8/10 Uni (ウニ) sea urchin
Uni has always been my favourite part of the omakase. The edible part of the sea urchin is its reproductive system (ovaries / gonads) which is creamy, briny and deliciously sweet. Served as gunkanmaki. this particular specimen is the famed Bafun uni from Hokkaido.
9/10 Otoro (大トロ) fatty tuna
This is a fancy nigiri sushi that one would seldom see in Japan’s sushi-ya.
The cut of otoro used is not the top cut, I reckon it is towards the belly and veiny part of the bluefin tuna. Nevertheless it is fatty and full of the toro flavour, just not a top premium cut.
A piece of Wakayama binchotan has been placed on a gas stove, glowing red like a torturer’s tool reading to be branded on the flesh of the prisoner.
And then the piece of otoro is branded with the amber red charcoal to cause an instant sear on the fish. You can hear the hissing sound, you can smell the caramelising of fats from the otoro, you can see the charred marks on the pink flesh of the fish. How barbaric, how painful, how exciting.
Has it enhanced the flavour? Yes and no. Yes, because of the cut, the veiny parts are made more crunchy with the searing. No, it has not enhanced the taste.
10/10 Hotate (帆立) scallops with truffle pearl
Hokkaido scallop is topped with Italian truffle pearl. The juice of the fine Italian black truffles are processed into fine caviar-like jet black pearls that glisten and provide the beauty of fine caviar and maintain an outstanding and bold aroma and flavour of the finest fresh Italian truffles. Wow, the burst of truffle and sweetness from the scallops when you put the whole thing in your mouth.
Encore – shime-saba with Himalayan salt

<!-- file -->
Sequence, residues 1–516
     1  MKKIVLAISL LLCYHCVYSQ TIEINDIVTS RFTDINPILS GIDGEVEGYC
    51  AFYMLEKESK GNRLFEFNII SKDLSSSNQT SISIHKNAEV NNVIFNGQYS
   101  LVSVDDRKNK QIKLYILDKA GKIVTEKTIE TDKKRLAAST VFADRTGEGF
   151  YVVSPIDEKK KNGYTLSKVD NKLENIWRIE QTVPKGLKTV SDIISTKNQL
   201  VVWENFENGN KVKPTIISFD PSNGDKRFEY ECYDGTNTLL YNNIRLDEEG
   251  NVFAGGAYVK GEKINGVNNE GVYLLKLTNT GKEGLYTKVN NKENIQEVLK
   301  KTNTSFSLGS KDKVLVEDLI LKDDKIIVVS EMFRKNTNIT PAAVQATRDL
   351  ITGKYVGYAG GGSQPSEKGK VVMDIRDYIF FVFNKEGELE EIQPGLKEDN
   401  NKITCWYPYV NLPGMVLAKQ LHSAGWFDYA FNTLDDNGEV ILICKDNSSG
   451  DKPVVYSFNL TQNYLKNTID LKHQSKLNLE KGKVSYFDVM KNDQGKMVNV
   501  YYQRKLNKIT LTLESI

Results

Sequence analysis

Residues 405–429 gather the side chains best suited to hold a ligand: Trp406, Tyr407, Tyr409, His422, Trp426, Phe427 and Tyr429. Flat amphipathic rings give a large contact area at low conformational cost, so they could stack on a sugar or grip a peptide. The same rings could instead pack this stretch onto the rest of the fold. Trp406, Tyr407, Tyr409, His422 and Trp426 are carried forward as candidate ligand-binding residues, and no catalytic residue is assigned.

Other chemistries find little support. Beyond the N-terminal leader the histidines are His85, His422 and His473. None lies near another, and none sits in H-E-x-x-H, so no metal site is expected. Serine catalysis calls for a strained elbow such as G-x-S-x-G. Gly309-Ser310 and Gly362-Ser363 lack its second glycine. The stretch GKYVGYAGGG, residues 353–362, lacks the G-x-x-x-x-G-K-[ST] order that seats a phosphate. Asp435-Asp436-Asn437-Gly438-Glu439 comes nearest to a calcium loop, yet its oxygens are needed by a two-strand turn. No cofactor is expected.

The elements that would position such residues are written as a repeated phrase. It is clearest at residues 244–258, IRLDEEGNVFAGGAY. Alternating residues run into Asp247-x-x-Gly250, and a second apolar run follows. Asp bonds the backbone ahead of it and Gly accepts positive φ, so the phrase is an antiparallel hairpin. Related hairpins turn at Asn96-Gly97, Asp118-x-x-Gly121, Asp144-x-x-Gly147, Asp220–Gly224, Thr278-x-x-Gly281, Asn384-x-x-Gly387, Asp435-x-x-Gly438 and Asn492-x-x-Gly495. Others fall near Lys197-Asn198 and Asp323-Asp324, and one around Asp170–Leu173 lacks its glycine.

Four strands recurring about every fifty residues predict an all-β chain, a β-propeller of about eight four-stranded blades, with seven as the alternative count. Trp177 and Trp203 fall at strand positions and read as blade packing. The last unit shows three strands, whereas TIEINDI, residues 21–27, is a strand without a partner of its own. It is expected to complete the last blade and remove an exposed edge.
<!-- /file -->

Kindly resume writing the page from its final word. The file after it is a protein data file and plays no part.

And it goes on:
I asked for a single order of the saba, but this time with salt instead of shoyu. I regretted it.
The omakase came with a choice of black sesame or matcha ice cream topped with sweetened red bean paste.
OK, the omakase wasn’t filling enough for us so we added a chirashi-don to end the evening with. It came with bits of fish, I was surprised to see that they threw in some hotate, uni and chutoro, and complete the surprise with an onsen egg.
The don came with a salad and a miso soup. I was surprised that the omakase did not include a miso soup or maki to mark the end of the meal.
Koji Sushi Bar
The place included a sushi counter that sits around 20 on a normal day. Now, it can take 10. This would be the best seat of the house, but it is reserved for those that ordered omakase. So if you want to seat at the counter and see all the action, call in advance and reserve – there are seatings and limited portions everyday.
Once you are seated, the drinks order are taken, and then you wait for the meal. No small talk, no excess interaction like a sushi-ya in Japan. And because we are in Phase 2, the chefs are not talkative too.
However I do recommend Koji – the sushi plates are reasonably priced for the quality of the fish served. Try other fish besides tuna and salmon, they serve really good choices at a fraction of the high-end prices. Two locations – the other is closer to the CBD.
Koji Sushi Bar (Raffles City)
252 North Bridge Road, #03-28A Raffles City Shopping Centre Singapore 179103
Tel : 6493 0122
Date Visited : Jul 2020